Spain: Modern Trends of Mass Protest

78
DOI: 10.20542/0131-2227-2020-64-9-73-82
S. Khenkin (sergkhenkin@mail.ru),
Moscow  State  Institute  of  International Relations (University) of the Ministry of Foreign Affairs of the Russian Federation (MGIMO University), 76, Vernadskogo Prosp., Moscow, 119454, Russian Federation;
Institute of Scientific Information on Social Sciences, Russian Academy of Sciences (INION RAS), 51/21, Nakhimovskii Prosp., Moscow, 117418, Russian Federation

Abstract. The present-day Spain, a country stricken by a host of unresolved issues and differences, is witnessing mass protests taking vivid and diverse shapes. These include both traditional ones – represented by political parties and trade unions – and modern ones, initiated by social networks. Analysis shows that during the global financial crisis and in its wake it is the new social movements that have mostly taken the lead in voicing the Spanish protest concerns, outshining political parties, especially left-wing ones, and trade unions. In these movements, a remarkable role is played by the precariat – a new stratum that grew fast during the crisis amidst increased social inequality in Spain. It consists of part-time and full-time workers, as well as people doing odd jobs, with no permanent employment. One distinct feature of the precariat consists in its unstable position on the labour market, lack of job security, and social vulnerability, all of which result in financial and psychological difficulties. According to various estimates, the Spanish precariat stands at around 26% of the working population (12 mln people). Faced with numerous problems, with lost hopes of a better future, these people are deeply distrustful of political institutions. Their response to the authorities’ policies varies from a completely apathetic attitude to active participation in protest movements. To date, the social movements of the new type have already accomplished quite a lot, changing the public sentiment and making progress in certain areas. However, their clout is not enough to either depose the ruling elite or force it to accept a totally different political paradigm. Horizontally built, i.e. devoid of any leadership or rigid structure, these random movements are unable to replace the traditional parties or trade unions. Despite their criticism of the existing parties, the Spanish voters still cast their ballots. While complaining about trade unions, they do not discontinue their membership or at least enjoy the protection that the unions offer. Yet, competition against social movements within one electoral field creates a drain of the left-wing and trade union electorate, which leads to fragmentation in the left-wing camp. This competition is a strong factor encouraging traditional social and political organizations to review their own ideological and structural foundations. Slow as it may be, the transformation has already begun. Its progress is likely to map out what mass social protests will be like in the future and determine the balance of power between their main stakeholders.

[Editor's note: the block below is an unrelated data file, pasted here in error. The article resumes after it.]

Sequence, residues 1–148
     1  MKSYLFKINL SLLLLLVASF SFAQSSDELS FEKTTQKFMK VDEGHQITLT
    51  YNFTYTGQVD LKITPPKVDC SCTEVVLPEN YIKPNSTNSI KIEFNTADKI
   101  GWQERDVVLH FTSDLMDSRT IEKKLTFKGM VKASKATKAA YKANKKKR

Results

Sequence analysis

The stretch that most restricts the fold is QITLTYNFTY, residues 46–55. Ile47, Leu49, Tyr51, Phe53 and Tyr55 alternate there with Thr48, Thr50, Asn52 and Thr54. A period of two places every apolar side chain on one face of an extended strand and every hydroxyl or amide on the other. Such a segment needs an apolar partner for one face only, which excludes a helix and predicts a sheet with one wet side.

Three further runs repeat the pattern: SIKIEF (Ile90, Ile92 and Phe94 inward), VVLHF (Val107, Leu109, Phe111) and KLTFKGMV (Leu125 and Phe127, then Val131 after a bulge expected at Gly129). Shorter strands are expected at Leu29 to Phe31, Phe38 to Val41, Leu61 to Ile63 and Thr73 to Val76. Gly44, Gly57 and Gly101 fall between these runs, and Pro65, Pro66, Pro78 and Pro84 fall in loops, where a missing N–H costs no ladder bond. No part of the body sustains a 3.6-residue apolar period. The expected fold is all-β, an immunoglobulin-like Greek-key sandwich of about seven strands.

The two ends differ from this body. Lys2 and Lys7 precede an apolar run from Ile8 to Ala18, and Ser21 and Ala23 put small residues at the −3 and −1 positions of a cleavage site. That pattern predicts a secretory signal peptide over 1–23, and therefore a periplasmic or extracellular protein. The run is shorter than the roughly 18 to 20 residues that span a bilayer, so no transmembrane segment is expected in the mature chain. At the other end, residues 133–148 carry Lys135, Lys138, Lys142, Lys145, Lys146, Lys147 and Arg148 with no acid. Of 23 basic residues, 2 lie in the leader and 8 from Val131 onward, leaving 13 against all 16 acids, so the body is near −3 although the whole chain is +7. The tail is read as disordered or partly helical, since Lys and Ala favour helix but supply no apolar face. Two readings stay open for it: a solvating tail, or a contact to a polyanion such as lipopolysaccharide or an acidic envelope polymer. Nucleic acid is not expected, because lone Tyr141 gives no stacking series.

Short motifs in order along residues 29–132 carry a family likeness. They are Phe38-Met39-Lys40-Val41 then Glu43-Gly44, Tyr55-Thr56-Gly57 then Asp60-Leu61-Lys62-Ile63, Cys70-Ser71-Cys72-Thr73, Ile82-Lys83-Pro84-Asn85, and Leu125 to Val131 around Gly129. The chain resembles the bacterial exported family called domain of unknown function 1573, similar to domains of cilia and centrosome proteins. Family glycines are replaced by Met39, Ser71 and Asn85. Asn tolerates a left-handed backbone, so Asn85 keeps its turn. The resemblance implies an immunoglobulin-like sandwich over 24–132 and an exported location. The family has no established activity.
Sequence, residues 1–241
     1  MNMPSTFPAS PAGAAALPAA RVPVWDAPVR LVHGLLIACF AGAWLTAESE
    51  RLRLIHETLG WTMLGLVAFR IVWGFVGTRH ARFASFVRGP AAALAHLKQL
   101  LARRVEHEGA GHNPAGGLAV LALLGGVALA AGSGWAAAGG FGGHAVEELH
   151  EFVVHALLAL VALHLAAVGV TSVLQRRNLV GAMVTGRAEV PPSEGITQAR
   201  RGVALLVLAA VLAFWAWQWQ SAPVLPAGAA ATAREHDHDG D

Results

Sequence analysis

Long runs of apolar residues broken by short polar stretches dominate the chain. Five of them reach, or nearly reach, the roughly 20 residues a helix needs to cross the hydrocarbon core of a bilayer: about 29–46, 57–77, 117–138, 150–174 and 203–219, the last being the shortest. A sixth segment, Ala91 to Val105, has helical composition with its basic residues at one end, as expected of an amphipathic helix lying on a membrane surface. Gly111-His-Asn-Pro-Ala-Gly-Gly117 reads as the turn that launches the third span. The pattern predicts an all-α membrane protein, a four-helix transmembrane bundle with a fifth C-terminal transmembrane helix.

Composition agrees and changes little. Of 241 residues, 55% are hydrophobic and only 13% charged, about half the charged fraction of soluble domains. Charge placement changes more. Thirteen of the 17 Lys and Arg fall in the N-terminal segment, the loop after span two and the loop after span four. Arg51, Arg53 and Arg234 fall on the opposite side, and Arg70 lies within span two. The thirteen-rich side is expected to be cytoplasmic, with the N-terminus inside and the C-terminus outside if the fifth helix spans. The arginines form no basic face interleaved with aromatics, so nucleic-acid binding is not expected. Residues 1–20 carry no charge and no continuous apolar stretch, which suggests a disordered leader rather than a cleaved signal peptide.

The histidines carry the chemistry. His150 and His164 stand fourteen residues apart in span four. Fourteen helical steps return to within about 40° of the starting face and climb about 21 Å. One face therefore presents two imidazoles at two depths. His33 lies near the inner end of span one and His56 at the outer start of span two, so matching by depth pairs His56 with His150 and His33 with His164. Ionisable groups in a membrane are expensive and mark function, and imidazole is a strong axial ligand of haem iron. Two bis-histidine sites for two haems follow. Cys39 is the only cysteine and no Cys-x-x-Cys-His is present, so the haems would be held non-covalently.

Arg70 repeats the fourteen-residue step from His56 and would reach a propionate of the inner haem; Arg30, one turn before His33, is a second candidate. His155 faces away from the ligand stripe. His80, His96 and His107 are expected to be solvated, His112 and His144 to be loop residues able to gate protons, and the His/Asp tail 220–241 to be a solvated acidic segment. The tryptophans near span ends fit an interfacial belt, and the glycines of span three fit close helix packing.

Keywords: Spain, global crisis, welfare state, precariat, social movements of the new type, Indignados (movement of the indignant ones), parties, “Podemos”, trade unions


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For citation:
Khenkin S. Spain: Modern Trends of Mass Protest. World Eonomy and International Relations, 2020, vol. 64, No 9, pp. 73-82. https://doi.org/10.20542/0131-2227-2020-64-9-73-82



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